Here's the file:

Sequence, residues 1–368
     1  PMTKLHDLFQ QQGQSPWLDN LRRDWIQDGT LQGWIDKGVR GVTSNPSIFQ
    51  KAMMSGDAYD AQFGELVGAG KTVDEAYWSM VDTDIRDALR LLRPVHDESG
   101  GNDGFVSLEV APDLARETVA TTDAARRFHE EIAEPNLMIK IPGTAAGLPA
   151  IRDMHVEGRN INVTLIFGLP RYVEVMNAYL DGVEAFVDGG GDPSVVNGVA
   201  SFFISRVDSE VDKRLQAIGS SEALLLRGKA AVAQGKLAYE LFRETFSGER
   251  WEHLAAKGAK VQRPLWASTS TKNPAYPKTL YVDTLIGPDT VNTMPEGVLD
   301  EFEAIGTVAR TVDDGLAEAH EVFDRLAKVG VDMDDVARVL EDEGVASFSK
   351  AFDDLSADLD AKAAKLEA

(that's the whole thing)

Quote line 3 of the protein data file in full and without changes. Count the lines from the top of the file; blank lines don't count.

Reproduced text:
    51  KAMMSGDAYD AQFGELVGAG KTVDEAYWSM VDTDIRDALR LLRPVHDESG